In amongst the museums and private homes, the proposal for a commercial building took home an architectural design award at the Canadian Architect Magazine’s Awards of Excellence 2013.
The plans for a town centre in the northern community of Gillam, Man., show that when it comes to architectural design, the commercial realm is capable of holding its own with publicly funded buildings.
Jurors Karen Marler said the town should be applauded for forecasting and planning for strong growth over the next 15 to 20 years.
“They’ve focused on building community and in doing so are creating a town centre and framework that has the potential to serve their residents well into the future,” Marler said.
Located south of Churchill, the town contains three of Manitoba’s largest hydroelectric projects within its boundaries: Kettle Generating Station, Long Spruce Generating Station and Limestone Generating Station.
As a result, Gilliam’s population is expected to grow from 1,500 to 5,000 over the next decade and a half.
In anticipation of the increase, Gillam commissioned architect Peter Sampson’s award-winning Railway Avenue Housing Project.
The project, dubbed Gilliam Town Centre by Canadian Architect Magazine, is a 80,000-square-foot mixed-use development currently under construction and funded by Manitoba Hydro. According to Sampson, the $7-million project reflects Manitoba Hydro’s stake as the area’s primary employer.
“Working alongside Fox Creek Cree Nation, Manitoba Hydro has identified that the investment in quality housing is of mutual and long-lasting benefit,” Sampson says in his architect statement.
Two-storey townhouse-style apartments
Two-storey townhouse-style apartments will cap street level retail with the project geared toward attracting families and professionals.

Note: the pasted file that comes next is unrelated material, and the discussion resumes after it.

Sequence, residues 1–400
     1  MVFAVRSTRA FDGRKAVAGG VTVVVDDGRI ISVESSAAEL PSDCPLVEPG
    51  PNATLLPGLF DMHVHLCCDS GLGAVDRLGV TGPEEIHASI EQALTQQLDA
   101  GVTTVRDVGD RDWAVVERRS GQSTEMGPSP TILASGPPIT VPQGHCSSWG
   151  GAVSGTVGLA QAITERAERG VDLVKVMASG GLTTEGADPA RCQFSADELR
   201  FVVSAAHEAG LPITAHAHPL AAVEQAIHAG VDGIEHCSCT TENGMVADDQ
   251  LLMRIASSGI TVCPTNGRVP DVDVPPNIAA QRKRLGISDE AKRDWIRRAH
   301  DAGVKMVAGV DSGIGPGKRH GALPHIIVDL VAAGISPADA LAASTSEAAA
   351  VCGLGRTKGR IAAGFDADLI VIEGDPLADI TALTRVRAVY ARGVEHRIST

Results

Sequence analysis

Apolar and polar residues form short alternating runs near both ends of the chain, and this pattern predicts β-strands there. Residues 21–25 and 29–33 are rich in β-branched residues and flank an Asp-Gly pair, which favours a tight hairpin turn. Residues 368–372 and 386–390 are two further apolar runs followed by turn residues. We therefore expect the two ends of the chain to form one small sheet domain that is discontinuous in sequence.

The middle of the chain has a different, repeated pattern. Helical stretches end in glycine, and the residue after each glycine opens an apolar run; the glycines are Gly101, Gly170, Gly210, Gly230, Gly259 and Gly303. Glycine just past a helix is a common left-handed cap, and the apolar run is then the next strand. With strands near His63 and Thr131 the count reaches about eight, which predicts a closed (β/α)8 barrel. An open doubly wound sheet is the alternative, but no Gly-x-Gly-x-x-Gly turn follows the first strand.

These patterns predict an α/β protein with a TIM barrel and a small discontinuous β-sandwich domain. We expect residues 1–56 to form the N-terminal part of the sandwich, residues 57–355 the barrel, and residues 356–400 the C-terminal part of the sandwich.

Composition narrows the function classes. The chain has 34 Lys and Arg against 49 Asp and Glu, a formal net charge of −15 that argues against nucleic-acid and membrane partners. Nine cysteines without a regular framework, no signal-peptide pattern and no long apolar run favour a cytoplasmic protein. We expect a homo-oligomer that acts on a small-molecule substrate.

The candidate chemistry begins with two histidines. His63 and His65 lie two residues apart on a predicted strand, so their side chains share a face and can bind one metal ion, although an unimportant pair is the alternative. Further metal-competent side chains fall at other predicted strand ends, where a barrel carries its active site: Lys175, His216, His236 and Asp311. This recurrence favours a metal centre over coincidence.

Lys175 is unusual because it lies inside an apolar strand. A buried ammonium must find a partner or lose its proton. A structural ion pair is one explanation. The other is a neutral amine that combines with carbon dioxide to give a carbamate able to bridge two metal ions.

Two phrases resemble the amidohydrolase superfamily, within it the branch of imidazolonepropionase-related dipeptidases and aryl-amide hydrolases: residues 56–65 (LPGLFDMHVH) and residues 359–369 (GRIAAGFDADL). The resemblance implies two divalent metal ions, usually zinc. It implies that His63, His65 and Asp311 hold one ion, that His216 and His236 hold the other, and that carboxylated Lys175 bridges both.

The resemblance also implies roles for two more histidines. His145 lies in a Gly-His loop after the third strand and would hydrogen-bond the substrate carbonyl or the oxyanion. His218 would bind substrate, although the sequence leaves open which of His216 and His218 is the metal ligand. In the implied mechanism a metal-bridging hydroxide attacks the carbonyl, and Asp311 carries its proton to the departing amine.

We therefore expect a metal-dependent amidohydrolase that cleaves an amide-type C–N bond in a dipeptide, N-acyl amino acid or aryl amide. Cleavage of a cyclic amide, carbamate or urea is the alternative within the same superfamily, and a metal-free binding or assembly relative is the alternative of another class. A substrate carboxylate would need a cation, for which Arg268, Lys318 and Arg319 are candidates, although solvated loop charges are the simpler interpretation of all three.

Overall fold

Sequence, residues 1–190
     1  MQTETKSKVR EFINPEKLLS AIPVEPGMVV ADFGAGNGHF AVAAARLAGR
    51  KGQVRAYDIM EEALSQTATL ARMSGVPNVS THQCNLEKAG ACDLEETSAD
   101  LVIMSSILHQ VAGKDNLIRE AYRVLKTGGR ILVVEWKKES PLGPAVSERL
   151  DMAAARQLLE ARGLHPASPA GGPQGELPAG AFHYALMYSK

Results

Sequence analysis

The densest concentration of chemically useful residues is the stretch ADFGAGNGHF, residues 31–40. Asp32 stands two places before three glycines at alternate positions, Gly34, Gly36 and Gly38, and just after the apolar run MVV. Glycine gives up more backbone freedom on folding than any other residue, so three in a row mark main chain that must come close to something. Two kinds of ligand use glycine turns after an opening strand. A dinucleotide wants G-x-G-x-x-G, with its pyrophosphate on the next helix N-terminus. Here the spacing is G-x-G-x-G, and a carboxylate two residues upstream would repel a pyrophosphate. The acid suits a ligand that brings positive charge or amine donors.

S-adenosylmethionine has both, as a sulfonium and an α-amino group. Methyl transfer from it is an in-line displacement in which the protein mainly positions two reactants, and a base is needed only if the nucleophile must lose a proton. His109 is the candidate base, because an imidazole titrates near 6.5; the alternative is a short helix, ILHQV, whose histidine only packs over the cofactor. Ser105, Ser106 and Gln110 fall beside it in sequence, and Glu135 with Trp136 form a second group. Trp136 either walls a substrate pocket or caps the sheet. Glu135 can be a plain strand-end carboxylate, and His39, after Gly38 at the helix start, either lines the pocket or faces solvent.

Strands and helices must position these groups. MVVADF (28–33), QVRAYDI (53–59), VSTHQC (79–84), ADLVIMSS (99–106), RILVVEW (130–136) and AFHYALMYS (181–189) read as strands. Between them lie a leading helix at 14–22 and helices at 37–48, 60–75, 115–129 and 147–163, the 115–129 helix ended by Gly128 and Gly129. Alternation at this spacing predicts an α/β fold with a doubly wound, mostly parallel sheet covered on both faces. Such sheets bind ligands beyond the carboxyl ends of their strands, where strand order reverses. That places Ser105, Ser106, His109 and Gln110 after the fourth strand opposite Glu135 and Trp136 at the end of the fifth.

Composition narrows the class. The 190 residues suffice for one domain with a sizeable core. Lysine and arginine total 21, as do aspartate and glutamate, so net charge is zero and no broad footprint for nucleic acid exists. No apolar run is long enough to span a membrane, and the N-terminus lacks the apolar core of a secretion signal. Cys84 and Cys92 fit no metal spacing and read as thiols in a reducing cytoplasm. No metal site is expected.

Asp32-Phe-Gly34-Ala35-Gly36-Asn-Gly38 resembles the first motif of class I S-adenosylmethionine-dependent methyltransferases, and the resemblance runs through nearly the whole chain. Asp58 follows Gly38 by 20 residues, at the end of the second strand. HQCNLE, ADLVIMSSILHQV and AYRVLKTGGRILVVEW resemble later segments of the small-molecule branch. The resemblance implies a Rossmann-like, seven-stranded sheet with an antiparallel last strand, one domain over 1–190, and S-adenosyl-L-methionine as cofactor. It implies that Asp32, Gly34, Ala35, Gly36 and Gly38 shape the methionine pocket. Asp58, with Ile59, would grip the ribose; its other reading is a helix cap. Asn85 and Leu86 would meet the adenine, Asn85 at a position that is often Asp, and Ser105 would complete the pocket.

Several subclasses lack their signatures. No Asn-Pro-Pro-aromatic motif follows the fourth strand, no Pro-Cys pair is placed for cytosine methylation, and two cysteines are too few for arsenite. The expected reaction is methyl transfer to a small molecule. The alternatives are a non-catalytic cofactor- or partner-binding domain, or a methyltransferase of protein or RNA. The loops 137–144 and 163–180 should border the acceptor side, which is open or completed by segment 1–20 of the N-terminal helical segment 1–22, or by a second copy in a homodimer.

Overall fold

“The Railway Avenue Housing Project strengthens the core of Gillam by creating a newly invented main street that currently does not exist,” Sampson says. “The first of a series of strong retail corners will be established at the junctions of newly created intersections.”
Sampson is also the creator of the Gillam Town Centre masterplan.
Some of Sampson’s other projects include the design of Winnipeg’s new, $6.5-million, 37,000-sq.-ft. food bank known as Winnipeg Harvest, and the design of Toronto chef Jamie Kennedy’s new flagship restaurant.
The latter is a 4,000-sq.-ft. 40-seat wine bar built for $350,000. A sliding wall partition pulls back to reveal 140 additional seats for catered events.
Calnitsky Associates Architects has carried out projects in a variety of areas, designing everything from a credit union building in Winnipeg to an expansion to the fitness facility at CFB Shilo in Manitoba.
Few commercial mixed-use submissions
Despite Railway Avenue Housing Project’s honour, the jury generally decried the lack of strong entrants in the commercial building realm.
Along with the other jurors, Marler said she was “disappointed by the lack of private sector, multi-use projects.” The magazine said such projects gained several awards in past years, but drew only a “modest number of submissions in the current round relative to the prominence of this building sector.”
Other Awards of Excellence winners included the Fort McMurray Airport, University of Toronto Faculty of Law, the Fifth Pavilion of the Montreal Museum of Fine Arts, and the Waterdown Library and Civic Centre.
The Awards of Excellence, which have been held since 1968, attracted 208 submissions in 2013.
The jurors for the awards were:
* Marianne McKenna, a founding partner of KPMB Architects, has directed myriad projects, including work on the Rotman School of Management expansion at the University of Toronto and the Jackson-Triggs Niagara Estate Winery. She is currently working on the revitalization of Toronto’s historic Massey Hall, among other projects.
* Marc Simmons, a founding partner of Front Inc. and the Ventulett Chair in Architectural Design at the Georgia Institute of Technology School of Architecture, has worked as lead consultant on many projects including the new West Block Canadian House of Commons on Parliament Hill in Ottawa.